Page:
23 Jun Fact or fiction?
Sometimes the hardest thing to do when looking at markets is to decipher the real message from the published message. There is a lot of rhetoric around the China imports and US exports of grain and beans, with polarized stories representing positive and negative positions. It seems that “fake” news is a distinct possibility.
Usually this misinformation revolves around supply, but its intention is to influence market prices. The best approach in understanding the real picture is to refer to the data.
The University of Illinois in their Farm Policy News (FPN), reported that last week was the largest sale of soybeans so far this marketing year was enacted. While 39% of this was to China, a further 39% was to “unknown”, with FPN speculating that this “very likely a lot/most to China” also
When combining other “facts”, the answer becomes even more obvious. Under the agreed trade deal between China & the US, China agreed to take $36.5 billion in American agricultural goods in 2020. In the first 4 months with the disruption as a result of COVID-19, only $4.65 billion was exported.
Both sides have said they have a commitment to honoring the phase 1 deal, so expect a ramping up of activity in the next couple of quarters.
In related news, FPN reported “The American Farm Bureau Federation on Wednesday sent a detailed list of recommendations to Congress to help farmers, stating that even though lawmakers had provided earlier aid, more is needed because of economic losses facing the industry.”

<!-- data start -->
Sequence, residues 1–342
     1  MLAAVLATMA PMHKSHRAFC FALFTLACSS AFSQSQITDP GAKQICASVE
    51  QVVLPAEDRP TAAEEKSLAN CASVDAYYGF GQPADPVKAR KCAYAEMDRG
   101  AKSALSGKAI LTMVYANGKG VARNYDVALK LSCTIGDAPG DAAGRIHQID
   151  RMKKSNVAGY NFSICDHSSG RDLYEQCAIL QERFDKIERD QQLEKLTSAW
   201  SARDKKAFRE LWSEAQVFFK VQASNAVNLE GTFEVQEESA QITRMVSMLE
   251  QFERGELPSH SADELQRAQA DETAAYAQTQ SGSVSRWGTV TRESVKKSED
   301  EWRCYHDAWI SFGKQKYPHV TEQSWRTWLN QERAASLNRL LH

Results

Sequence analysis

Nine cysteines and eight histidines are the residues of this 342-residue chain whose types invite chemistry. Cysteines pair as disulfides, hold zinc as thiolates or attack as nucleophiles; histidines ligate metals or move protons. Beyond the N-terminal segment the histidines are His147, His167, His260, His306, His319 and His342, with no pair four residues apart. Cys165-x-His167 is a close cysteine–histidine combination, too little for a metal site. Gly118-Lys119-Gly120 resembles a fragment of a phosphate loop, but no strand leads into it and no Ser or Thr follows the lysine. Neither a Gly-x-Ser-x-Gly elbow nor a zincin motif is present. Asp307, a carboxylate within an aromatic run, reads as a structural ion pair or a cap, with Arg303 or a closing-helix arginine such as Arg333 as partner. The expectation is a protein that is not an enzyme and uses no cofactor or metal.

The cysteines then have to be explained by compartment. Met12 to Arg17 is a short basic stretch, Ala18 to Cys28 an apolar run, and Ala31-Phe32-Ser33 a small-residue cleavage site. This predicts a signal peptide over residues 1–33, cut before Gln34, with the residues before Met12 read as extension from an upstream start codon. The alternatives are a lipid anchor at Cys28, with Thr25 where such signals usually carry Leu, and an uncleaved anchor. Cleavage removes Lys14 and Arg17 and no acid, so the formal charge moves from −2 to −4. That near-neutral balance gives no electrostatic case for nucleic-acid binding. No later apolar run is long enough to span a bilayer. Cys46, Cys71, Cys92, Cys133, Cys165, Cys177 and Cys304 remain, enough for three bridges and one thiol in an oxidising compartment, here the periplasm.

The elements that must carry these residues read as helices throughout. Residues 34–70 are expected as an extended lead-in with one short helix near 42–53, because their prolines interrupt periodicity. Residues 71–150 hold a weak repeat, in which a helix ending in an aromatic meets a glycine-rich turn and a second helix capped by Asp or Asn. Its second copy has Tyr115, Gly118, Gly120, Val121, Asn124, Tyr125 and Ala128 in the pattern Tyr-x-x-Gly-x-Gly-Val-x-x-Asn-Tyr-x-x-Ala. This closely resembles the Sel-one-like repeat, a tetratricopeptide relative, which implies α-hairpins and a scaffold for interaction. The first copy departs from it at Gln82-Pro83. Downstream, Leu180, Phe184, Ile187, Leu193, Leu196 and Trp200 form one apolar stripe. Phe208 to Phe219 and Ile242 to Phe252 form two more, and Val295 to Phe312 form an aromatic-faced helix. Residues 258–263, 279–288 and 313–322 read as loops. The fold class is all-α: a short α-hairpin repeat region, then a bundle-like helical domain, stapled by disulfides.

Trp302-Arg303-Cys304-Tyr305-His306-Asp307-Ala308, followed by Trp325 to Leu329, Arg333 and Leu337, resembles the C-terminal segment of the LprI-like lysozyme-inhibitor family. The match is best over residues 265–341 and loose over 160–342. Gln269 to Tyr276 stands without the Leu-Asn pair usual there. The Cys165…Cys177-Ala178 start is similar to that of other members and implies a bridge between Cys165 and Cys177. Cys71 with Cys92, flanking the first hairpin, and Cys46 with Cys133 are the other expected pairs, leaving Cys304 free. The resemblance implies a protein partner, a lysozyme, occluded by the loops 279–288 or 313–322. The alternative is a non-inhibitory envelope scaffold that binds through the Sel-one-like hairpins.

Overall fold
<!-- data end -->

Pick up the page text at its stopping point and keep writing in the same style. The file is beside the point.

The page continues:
This aid is running into the billions, and with corn prices falling 50 cents per pound to around US$3.20, the National Corn Growers Association calculates a loss of $49 per acre, they are asking for more.
Subsidies are in the news at the moment, (see China barley tariff report) but the consequence of this US government support will be to incentivize US growers to plant, causing the supply demand message to be muted and the continuous high level of world stocks to remain.
The ASX Jan 2021 contract slowly eased this week to end 10 dollars lower at $288, while the US CME Dec 2020 contract pulled back further, ending the week just under $497.
Domestic delivered prices tended to firm this week as buyers sought supply while growers were cautious in accepting old crop pricing, with it still a month or two away before producers have the confidence to sell “new crop”.
Weather is all important in influencing grain prices, especially at this time of the year the weather in the Northern hemisphere. This week the news from the US is that after a period of dry the forecast is for rainfall over the next 7 days is predicted, this had the expected result of causing the market to soften.